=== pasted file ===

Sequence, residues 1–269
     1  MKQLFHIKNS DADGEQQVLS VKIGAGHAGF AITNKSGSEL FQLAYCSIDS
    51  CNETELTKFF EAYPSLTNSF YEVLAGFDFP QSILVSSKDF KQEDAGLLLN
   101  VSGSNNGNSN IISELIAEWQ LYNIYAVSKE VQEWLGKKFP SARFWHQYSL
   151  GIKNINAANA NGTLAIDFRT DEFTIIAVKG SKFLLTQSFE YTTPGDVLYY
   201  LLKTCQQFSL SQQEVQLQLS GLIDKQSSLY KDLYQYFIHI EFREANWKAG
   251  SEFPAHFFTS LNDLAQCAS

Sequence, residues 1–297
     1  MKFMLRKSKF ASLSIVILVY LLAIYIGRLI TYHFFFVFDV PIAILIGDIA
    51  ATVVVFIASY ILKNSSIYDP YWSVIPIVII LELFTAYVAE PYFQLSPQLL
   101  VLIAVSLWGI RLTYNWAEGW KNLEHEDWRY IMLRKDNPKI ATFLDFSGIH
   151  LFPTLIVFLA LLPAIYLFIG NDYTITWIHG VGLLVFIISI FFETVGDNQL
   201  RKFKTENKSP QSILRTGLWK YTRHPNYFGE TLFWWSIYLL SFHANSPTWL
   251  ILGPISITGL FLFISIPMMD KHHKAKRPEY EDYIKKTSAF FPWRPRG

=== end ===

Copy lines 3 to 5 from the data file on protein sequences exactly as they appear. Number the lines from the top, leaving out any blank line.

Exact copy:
    51  CNETELTKFF EAYPSLTNSF YEVLAGFDFP QSILVSSKDF KQEDAGLLLN
   101  VSGSNNGNSN IISELIAEWQ LYNIYAVSKE VQEWLGKKFP SARFWHQYSL
   151  GIKNINAANA NGTLAIDFRT DEFTIIAVKG SKFLLTQSFE YTTPGDVLYY